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Battle of Moscow is not really talked about, But yet Stalingrad is more talked about. Why?

Discussion in 'Eastern Europe October 1939 to February 1943' started by Franz45, Sep 18, 2009.

  1. Guaporense

    Guaporense Dishonorably Discharged

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    I have read one of the articles that you indicated. The 5.4 million casualties numbers are right since they fit with the replacements numbers and the numbers in the front for several time periods. I wonder if the soviets had casualties statistics with the same degree of precision.
     
  2. LJAd

    LJAd Well-Known Member

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    There are quarterly figures given by Krivosheev ,but for 1941 they are probably to low,given the chaotic situatio .
     
  3. LJAd

    LJAd Well-Known Member

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    Well we have at the end of 1944 some 2 million dead and missing and 3.4 million wounded ;for 1945 there is nothing reliable;I have seen for 20 april 1945 a document of the army chief surgeon,but due to the breakdown of communications at that time,I am very doubting that it is reliable .
    For the 2 million dead and missing,the problem is that there are no figures for POW,so whe can only guess .How many missing were dead and how many KIA ? We will never known .And how many POW died in capture ? The difficulty is the greatest for the casualties of Bagration (400000 ) .
    If you want a guess (probably wrong ):at the end of 1944 :1.5 million death and 0.5 million POW ;btw :the figures do not include Luftwaffe losses nor the dead from sickness.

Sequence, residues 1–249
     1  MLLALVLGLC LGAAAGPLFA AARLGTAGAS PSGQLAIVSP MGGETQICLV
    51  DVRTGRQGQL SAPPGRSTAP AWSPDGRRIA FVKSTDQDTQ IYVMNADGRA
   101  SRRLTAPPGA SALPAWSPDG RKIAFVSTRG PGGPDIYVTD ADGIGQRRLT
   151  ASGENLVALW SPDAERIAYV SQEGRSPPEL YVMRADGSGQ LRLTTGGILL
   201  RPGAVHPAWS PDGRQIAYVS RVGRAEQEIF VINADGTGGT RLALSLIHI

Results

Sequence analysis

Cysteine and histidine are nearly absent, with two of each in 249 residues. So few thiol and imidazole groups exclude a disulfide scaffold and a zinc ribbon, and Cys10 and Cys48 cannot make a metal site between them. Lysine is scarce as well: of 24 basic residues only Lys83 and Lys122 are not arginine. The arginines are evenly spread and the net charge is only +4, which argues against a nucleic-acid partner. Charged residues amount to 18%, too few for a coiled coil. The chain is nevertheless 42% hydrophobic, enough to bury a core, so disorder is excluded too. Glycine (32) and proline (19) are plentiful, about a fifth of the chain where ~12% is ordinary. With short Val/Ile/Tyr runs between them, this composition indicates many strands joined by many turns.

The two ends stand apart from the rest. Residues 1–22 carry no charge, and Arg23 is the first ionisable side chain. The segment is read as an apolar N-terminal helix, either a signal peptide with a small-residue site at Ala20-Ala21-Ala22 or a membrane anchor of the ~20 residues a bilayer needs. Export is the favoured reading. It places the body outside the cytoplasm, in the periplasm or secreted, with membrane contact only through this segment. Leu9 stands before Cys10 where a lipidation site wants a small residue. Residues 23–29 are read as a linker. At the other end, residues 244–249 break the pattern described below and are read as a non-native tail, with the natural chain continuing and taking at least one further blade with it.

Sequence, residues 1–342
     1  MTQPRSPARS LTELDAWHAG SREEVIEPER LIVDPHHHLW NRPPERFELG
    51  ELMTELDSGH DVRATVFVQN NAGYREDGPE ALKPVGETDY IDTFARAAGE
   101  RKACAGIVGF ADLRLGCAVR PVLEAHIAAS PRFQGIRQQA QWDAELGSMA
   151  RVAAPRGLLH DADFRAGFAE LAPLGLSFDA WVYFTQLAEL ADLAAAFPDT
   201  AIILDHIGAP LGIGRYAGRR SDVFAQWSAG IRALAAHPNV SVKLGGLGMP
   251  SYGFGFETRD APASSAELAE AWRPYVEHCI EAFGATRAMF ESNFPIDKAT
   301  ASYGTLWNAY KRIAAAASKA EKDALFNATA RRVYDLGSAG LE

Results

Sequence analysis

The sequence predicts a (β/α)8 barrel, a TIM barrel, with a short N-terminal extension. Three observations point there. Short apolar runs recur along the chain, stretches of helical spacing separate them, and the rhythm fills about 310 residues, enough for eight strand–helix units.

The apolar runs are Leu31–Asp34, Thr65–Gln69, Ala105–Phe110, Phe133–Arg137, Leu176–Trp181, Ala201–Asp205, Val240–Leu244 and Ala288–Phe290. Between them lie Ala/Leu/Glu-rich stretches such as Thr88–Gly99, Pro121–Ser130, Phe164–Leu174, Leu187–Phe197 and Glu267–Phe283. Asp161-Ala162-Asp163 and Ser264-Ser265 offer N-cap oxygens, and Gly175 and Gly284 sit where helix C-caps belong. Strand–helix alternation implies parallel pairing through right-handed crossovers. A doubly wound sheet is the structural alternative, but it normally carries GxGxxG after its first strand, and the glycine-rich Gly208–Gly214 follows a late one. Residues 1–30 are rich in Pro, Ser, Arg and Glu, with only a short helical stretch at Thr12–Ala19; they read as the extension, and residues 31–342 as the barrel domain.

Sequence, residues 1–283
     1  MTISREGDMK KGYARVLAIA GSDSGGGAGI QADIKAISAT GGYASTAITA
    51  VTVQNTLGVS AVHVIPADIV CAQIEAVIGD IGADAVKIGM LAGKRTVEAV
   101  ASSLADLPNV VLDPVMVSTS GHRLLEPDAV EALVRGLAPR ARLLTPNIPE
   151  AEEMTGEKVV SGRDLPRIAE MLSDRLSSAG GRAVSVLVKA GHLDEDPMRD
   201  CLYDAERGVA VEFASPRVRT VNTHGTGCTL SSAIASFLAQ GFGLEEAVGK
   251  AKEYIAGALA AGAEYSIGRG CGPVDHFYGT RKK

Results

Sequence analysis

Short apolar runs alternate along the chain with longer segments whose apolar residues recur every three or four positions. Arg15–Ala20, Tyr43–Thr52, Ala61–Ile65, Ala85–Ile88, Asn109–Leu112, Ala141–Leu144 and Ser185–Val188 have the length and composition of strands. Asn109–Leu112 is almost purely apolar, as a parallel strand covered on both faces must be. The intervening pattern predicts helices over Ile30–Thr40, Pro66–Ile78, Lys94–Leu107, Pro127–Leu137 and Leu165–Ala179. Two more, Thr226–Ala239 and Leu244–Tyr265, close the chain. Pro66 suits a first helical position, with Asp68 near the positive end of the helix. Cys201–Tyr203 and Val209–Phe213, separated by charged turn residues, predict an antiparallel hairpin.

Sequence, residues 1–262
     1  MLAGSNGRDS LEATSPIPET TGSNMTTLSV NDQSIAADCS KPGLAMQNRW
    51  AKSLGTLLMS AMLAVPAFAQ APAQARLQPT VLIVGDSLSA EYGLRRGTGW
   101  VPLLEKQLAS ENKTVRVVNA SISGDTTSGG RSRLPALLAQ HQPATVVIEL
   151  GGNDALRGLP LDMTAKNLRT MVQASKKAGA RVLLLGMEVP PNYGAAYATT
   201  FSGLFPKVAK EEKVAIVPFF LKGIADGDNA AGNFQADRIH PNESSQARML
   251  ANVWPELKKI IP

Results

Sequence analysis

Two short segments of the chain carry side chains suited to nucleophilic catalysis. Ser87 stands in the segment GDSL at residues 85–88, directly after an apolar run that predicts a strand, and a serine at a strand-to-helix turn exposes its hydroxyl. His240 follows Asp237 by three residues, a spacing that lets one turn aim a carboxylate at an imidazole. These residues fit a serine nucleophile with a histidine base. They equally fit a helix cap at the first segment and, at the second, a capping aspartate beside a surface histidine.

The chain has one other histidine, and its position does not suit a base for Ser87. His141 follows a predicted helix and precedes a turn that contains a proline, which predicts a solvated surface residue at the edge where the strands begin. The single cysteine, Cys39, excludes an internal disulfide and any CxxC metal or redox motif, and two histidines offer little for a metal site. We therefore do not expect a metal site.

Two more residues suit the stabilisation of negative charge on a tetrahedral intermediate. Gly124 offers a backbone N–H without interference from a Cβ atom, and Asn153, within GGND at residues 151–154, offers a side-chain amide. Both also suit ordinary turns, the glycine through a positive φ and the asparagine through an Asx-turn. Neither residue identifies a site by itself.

Cheers
     
  4. GermanTankEnthusiast

    GermanTankEnthusiast Member

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    guaporense, its moscow! they could not surround and capture.
    1. the men, the soldiers were exhausted, ever seen the pics of germans sleeping on the most odd objects, bikes, trucks, on top of each other with all equipment still attached (i can imagine not very comfortable, but if yer that tired you'll sleep anywhere)

    2. supply lines, how on earth could they supply germans wanting to keep constant siege, im sue they just managed to supply german units around leningrad but could you imagine trying to supply 2 armies sieging cities of equal importance + supply other german units on the outside ring when they would be under constant desperate attacks from russkis on the outside.

    3.the russian airforce would probably steel itself and try and supply the city (hey the germans tried with stalingrad whos to say the russians wouldnt either?) and i suppose the luftwaffe would be stretched to interfere with the flights.

    so in conclusion i think moscow would hold out until its people die to the last stand.
     
  5. Guaporense

    Guaporense Dishonorably Discharged

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    Have you read what I wrote before about the: "if the germans had the capability to..."?

    Like, if in 1942 they attacked moscow instead of going for the oil.